Admittedly, I am a newbie and a lurker on this forum. I used to enjoy reading your posts. Now I just wonder what you are PMing and why. I feel like I am missing out on a good source of info.

Mike

not really.... like big brother...when you need it....you'll get it! :D

When you get to 20 posts...you get one of those projectors you turn on and it shines a symbol on a cloud when you seriously need boating advice ...:thumb:

BruceK 09-04-2013 07:14 PM

Because we are on a mooring, like many Sydney boats, we keep a f/g dinghy on the shore. The inflatable we use when we want. First thing I did to a new f/g dinghy was cut a hole in it to install a screw in inspection port. Others do it too. When I leave the dinghy secured on the shore, I remove the cap. Yes, a smart thief may carry a range of caps, so far no problem.
Should adapt to any dinghy with a hard underwater or waterline surface. Be sure to get a good seal.

gwkiwi 09-04-2013 07:47 PM

Insurance, cable and lock, and a Kimber 1911

FF 09-06-2013 06:03 AM

Really hard to steal a dink held up in davits every night.

On shore Da Bronx system Show Sh*t is easiest.

Chew up the outboard cover , and paint the outboard lower unit to look like it was assembled from used parts.

Patch a condom boat with visible , not very fine workmanship .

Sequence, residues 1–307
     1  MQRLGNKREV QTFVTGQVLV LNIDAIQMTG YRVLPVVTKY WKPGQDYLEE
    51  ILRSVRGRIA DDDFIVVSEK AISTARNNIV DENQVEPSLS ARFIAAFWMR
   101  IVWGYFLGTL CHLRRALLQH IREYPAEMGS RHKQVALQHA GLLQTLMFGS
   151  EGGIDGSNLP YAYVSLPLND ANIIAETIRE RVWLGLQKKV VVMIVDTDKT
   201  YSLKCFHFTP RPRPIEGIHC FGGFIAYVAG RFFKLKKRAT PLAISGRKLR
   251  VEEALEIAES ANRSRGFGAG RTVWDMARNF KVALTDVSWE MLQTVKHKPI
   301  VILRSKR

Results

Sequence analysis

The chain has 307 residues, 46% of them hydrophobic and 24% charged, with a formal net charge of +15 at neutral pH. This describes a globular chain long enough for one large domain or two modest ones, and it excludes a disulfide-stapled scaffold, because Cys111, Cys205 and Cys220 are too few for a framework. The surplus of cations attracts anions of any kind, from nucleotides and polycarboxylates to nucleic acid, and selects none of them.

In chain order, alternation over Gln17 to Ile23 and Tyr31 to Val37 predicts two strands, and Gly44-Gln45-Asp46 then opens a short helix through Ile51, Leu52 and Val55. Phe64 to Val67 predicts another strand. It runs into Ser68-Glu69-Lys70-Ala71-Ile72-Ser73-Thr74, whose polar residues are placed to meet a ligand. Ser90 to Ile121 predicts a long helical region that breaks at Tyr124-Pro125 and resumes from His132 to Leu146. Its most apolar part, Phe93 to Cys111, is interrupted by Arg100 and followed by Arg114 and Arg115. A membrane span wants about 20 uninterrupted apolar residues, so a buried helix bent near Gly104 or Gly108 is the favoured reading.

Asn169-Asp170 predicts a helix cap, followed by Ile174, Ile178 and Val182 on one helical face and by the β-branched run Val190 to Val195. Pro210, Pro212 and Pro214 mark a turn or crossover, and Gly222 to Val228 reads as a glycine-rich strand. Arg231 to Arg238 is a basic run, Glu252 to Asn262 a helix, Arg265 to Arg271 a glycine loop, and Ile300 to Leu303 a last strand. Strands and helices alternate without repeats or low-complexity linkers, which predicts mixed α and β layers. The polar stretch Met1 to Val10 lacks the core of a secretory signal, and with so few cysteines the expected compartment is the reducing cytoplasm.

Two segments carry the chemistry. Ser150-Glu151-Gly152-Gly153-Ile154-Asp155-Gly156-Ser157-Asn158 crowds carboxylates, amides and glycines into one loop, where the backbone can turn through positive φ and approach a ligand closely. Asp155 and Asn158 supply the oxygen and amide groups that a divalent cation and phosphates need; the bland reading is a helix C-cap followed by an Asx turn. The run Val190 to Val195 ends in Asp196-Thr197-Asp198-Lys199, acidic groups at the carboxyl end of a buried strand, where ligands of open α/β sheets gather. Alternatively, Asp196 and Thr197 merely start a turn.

Paint the boats name on the dink sides , floorboards and motor cover.

Use a good long cable (20ft +) and key lock.

The key lock is easier to operate in the dark after a couple, the long cable gets the boat away from a crowded dink pile , so harder to just jump into.

Good luck, tho with these (and other ) techniques I managed to cruise the Carib with a 13ft Boston Whaler and 18 Evinrude for a couple of years , and still have my dink .

ksanders 09-06-2013 08:28 AM

I have the perfect solution...

Our skiff weighs 750 lbs, and sits up on the fly bridge.

If we disable the crane nobody is getting it down.

People that steal things look for the easy targets.

theran5317 09-06-2013 08:29 AM

Quote:

Originally Posted by FF (Post 177744)
Paint the boats name on the dink sides , floorboards and motor cover.

Do you really want to do this??

Doesn't this just advertise that the boat has been left unattended??